6B.4 Exploring Satellite Observations in Virtual Reality

Tuesday, 14 January 2020: 2:15 PM
209 (Boston Convention and Exhibition Center)
Patrick C. Meyers, Univ. of Maryland, College Park, College Park, MD; and M. Quick, D. Li, E. Lee, S. D. Rudlosky, B. Brawn-Cinani, and A. Varshney

To produce skillful and timely forecasts, weather forecasters must have the proper tools to display and interpret an ever increasing variety and quantity of data. Data products range from point location measurements at surface stations, to vertically resolved profiles of the atmospheric state derived from satellite observations and numerical weather prediction models. Current methods to interrogate datasets require forecasters to efficiently switch between multi-monitor displays, often with multiple panes on each monitor. Virtual reality offers an alternative approach so that users can visualize data while maintaining the full 3-dimensional context of the observations. To demonstrate the utility of VR as a forecasting tool, we have developed the capability to display and analyze a variety of weather datasets in an immersive VR demonstration. Our selection of datasets includes satellite observations of radiance, cloud height, and wind speed from the NOAA Geostationary Operational Environmental Satellite (GOES), and experimental atmospheric profile products from JPSS and other low-earth orbit satellites. This presentation will give an overview of the capability of the demonstration by focusing on an Atmospheric River event that caused intense flooding and snow storms along the western coast of North America during February 2019.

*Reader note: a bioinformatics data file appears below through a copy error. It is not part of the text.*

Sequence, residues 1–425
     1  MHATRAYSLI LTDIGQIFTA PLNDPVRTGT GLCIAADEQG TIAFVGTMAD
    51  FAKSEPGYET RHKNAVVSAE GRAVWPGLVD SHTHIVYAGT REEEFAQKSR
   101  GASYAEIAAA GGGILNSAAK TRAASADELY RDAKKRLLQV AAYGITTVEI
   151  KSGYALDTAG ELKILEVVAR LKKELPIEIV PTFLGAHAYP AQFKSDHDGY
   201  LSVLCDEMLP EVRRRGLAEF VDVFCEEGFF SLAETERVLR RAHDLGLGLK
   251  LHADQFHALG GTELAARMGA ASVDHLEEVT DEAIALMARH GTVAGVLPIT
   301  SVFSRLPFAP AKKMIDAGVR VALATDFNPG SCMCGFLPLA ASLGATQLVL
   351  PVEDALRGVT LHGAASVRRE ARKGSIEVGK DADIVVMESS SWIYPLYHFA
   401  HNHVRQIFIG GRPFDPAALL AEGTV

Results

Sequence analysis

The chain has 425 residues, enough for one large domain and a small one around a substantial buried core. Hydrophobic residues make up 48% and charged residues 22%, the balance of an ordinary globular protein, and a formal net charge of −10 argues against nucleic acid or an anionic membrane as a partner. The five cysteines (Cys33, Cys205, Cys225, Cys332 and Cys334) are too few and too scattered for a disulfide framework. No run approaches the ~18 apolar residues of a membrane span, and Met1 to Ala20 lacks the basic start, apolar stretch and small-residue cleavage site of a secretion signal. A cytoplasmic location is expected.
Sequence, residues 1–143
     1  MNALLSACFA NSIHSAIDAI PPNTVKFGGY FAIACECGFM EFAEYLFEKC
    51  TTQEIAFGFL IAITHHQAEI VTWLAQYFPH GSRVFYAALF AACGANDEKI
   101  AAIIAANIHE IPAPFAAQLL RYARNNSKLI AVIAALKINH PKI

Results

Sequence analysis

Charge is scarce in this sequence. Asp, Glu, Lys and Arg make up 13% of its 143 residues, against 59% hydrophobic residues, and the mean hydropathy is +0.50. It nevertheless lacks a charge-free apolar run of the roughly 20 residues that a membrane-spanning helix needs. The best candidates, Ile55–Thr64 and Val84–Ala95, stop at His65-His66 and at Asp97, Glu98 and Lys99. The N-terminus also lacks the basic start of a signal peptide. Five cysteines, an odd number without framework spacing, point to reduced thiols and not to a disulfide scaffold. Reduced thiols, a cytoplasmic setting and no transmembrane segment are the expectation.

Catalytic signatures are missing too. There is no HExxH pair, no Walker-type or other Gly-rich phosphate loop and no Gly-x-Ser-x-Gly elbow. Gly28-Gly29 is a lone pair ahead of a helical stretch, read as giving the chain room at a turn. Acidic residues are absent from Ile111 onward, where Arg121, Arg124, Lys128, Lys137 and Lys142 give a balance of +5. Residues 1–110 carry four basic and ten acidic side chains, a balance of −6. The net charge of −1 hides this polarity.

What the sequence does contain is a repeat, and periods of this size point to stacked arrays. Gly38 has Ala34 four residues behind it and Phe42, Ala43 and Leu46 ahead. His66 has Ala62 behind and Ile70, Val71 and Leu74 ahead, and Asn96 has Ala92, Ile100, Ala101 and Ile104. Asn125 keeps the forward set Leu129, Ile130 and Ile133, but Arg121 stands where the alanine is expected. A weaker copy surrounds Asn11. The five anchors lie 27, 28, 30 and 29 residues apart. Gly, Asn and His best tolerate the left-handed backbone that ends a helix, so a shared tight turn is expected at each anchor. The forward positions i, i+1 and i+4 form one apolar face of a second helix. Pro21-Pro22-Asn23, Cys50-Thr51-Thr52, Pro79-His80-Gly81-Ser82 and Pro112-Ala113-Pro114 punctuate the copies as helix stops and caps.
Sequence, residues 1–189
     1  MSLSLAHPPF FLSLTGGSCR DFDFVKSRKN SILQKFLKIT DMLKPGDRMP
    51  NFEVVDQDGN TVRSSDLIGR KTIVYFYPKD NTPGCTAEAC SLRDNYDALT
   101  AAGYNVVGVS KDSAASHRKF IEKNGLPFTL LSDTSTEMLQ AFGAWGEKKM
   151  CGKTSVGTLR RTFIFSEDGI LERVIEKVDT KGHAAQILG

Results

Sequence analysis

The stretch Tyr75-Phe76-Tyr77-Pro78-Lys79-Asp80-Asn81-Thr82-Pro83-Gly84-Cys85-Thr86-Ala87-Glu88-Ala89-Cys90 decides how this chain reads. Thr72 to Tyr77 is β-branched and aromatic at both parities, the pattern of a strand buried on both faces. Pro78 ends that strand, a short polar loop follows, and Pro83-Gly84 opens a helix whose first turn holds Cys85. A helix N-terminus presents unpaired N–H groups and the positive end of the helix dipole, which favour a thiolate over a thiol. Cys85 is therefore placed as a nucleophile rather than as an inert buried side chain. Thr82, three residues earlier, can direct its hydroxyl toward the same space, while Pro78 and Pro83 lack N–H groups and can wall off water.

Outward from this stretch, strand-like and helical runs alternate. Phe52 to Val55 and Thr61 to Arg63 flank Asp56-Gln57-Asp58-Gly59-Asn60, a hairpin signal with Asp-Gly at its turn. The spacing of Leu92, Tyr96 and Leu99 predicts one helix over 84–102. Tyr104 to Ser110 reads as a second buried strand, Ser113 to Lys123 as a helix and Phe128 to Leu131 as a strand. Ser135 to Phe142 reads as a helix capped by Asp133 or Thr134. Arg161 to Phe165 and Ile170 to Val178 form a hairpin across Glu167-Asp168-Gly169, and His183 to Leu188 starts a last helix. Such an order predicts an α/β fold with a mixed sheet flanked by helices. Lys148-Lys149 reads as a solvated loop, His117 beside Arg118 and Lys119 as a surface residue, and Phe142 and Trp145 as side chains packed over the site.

- Indicates paper has been withdrawn from meeting
- Indicates an Award Winner